than this one).
I grew to love the Grinch, as much for his triumphs as his foibles.
As he made his transformation from an angry societal outcast to a rehabilitated and morally upright (yet green and hairy) creature, I cheered as he realized the importance of forgiveness, kindness and generosity.
(To this day, I don’t doubt that Greenpeace was the brainchild of one impressionable kid who witnessed the climate change in Whoville and made it his own).
As I pondered the impact of this familiar story and the underlying issues of materialism, the importance of good will, and the true meaning of holidays it so cleverly addresses, I realized that we Americans could learn a thing or two from the green guy.
In all his sinister fallibility, he fought the demons of commercialism and the unfairness of childhood prejudice, and emerged a true hero; one who gained the trust and respect of an open-minded community, willing to give his promise for change a legitimate chance.
Not too shabby for a misunderstood, hairy, green bully.
I forced myself away from the book department and headed back to the dairy aisle, rejuvenated by a less-is-more mentality, thanks to CindyLou Who and her neighbors. I refused to purchase that glorious wheel of brie until I could legitimately account for its purpose.
Forcing impulse aside, I filled my cart with only the food items on my list and made my way to the excruciatingly long checkout line.
As I waited on line, I perused magazines and tabloids from the display racks strategically placed to tempt the impulsive, the bored, and the sugar-addicted (in this case, all three applied to me).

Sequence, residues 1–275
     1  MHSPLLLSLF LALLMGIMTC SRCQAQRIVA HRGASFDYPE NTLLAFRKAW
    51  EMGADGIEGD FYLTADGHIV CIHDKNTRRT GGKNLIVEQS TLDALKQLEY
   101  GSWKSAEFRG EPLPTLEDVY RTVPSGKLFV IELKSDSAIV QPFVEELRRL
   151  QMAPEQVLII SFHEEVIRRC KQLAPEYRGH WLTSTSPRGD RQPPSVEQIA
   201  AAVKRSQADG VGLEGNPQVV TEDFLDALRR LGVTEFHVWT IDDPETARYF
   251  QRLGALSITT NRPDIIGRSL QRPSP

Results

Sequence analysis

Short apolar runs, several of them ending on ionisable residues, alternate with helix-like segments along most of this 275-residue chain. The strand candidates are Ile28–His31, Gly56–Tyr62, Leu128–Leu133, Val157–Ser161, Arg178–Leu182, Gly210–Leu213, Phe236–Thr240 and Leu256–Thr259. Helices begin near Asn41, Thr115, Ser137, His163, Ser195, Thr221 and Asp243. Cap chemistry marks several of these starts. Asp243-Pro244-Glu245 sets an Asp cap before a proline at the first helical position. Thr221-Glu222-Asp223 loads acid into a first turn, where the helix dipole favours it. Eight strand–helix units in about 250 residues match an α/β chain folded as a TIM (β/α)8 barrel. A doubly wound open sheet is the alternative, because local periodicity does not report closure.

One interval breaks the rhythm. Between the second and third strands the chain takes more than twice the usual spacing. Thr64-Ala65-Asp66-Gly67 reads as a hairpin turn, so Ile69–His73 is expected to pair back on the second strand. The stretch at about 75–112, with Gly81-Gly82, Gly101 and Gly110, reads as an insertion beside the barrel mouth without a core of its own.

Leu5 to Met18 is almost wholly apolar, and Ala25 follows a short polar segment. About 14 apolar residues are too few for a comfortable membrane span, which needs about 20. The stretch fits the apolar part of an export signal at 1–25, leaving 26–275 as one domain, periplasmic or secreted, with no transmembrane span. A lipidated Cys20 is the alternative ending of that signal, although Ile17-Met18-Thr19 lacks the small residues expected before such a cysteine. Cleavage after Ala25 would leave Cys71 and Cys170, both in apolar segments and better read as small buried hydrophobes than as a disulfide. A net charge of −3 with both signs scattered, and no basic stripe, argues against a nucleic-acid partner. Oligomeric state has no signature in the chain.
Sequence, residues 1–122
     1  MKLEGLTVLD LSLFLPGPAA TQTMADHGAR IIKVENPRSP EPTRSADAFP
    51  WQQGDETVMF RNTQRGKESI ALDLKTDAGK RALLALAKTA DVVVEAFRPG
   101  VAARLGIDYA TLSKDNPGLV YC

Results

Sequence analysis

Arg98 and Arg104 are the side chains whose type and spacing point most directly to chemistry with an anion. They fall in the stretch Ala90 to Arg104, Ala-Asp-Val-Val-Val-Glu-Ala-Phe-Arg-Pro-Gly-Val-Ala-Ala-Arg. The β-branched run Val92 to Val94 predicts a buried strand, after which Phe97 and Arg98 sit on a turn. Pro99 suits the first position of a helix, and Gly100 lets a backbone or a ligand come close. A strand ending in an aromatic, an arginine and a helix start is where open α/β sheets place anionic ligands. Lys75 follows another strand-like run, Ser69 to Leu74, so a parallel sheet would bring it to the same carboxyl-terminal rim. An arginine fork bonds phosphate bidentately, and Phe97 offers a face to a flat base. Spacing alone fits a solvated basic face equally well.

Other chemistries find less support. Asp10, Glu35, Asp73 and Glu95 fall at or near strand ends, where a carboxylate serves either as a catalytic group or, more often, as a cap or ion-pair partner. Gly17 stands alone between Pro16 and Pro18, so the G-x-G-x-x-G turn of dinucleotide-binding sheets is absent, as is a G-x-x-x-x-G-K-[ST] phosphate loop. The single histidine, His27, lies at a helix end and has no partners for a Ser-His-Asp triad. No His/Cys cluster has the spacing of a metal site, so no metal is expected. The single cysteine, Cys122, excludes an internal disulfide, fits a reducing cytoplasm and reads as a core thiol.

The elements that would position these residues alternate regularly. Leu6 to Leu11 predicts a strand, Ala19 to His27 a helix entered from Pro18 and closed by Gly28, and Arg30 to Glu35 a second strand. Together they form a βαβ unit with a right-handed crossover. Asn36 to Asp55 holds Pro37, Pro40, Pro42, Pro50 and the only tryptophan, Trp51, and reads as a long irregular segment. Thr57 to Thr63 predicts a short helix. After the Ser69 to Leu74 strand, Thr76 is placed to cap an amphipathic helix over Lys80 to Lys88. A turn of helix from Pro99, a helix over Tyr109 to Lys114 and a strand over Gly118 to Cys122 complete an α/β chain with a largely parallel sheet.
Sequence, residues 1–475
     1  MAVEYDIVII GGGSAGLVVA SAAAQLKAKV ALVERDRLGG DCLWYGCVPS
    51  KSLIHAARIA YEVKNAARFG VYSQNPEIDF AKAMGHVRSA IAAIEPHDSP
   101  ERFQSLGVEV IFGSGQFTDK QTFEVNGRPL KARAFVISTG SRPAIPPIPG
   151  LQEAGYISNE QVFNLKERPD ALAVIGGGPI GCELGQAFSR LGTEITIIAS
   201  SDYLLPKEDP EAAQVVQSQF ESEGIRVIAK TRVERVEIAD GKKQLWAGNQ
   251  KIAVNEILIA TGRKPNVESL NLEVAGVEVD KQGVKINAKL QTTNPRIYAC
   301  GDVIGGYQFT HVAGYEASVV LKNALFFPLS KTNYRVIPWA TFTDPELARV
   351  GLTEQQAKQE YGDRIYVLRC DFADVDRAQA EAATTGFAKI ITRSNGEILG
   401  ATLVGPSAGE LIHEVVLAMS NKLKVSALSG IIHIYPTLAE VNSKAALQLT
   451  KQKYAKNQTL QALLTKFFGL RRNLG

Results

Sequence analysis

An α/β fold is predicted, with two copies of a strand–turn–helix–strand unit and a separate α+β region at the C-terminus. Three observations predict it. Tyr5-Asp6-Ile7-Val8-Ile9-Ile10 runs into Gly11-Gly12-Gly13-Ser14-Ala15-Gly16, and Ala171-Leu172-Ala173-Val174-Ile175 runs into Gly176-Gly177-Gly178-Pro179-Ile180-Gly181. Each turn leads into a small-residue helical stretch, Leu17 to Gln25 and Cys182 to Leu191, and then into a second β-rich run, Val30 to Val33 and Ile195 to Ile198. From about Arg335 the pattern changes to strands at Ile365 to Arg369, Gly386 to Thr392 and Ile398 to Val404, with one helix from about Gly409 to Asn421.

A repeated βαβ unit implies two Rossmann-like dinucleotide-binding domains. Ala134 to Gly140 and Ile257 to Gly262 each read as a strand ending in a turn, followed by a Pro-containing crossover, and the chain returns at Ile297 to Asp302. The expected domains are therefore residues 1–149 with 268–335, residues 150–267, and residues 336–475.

A pattern seemed to emerge from each front page cover, leaving little room for the usual reporting on celebrity shenanigans.
It seemed that in clever, timely fashion, each cover highlighted the flaws, foibles and faux-pas of our current presidential candidates. From suspect behaviors to seemingly inarguable infidelities, there didn’t seem to be a squeaky clean duck left in the bunch.
Ironically (or not), that hardcover edition of The Grinch Who Stole Christmas stared at me from atop the twenty-four pack of toilet tissue in my cart. I couldn’t rationalize purchasing the book any more than I could rationalize purchasing that giant wheel of brie.
As I placed it alongside the pathetic yet entertaining assortment of tabloids, I realized that the Grinch himself was looking like the most noble (albeit green) candidate among present company.
In light of the fact that all of our candidates are flawed, I would find it reassuring to know that at least one is truly capable of change.
If only the Grinch were running for president,
I would be off the hook for another four years (at least) and I could concentrate on the importance of local, seasonal produce and its relationship to countless varieties of pasta (obviously, a subject of critical matter).
But such was not the case.